Yes, that’s a wine reference, because if there’s anything the French know, it’s certainly wine.

Read the full article here

Written by Anna Brones

January 18, 2014 at 00:01

From Portland to Paris: 1,000 Miles

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When you move (and the move is far far away) there are things you end up missing that you don’t initially expect. You expect to miss impromptu coffee dates with your friends and you expect to miss your favorite restaurants. You expect to miss your favorite bookstore and, if you’re moving away from the Pacific Northwest, you expect to miss weekend hikes and trips to the coast.

I expected all of this when I moved last year. I use the word “move” lightly because it was really a one-way-ticket kind of trip that was intended to end eventually but never did. Sometimes that’s how things go.

Back to the story of missing things. The one hole I really felt in my life last year was running.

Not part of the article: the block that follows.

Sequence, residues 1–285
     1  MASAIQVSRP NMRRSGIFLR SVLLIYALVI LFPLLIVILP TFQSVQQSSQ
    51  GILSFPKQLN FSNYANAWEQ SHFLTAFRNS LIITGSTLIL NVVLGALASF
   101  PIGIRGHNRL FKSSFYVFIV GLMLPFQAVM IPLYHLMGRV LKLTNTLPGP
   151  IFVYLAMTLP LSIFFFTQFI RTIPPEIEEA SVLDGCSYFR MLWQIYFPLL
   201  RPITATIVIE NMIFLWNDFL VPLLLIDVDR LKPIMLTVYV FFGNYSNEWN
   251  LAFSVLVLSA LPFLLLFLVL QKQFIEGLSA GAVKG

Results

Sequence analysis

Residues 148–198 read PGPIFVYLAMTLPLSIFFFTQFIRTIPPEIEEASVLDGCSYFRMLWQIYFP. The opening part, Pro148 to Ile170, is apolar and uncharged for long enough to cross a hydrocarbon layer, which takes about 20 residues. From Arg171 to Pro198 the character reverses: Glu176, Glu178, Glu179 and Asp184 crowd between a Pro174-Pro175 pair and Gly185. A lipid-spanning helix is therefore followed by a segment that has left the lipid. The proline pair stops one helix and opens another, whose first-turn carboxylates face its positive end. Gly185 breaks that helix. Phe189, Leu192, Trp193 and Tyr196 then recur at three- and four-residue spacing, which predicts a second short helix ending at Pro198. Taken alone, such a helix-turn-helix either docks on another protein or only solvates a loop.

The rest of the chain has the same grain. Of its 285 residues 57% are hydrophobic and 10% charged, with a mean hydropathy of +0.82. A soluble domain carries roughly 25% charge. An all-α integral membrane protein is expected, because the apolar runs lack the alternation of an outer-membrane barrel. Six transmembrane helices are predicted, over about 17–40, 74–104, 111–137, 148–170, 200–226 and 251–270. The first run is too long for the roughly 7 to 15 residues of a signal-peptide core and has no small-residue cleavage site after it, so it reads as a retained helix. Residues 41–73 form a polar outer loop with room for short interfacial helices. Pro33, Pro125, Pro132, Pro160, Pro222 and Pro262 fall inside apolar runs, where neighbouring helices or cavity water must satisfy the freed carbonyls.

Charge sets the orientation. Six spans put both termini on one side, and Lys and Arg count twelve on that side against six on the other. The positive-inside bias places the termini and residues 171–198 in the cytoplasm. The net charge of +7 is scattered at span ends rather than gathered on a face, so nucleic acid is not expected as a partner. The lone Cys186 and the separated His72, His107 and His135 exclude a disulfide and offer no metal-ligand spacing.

Oh, I ran, but it was different.

In Portland, I had my running partner (and Running Partner is really just a short title for friend/therapist/sounding board/general motivator) Megan, and we had gotten into a semi-neurotic habit of getting up for what we liked to call “Rise and Run.” This meant hitting the pavement at 6:30am – sometimes 6 if one of us had an early meeting and didn’t want to miss out on a run.

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Written by Anna Brones

January 14, 2014 at 00:05

The Paris Coffeshop for Freelancers: Cafe Craft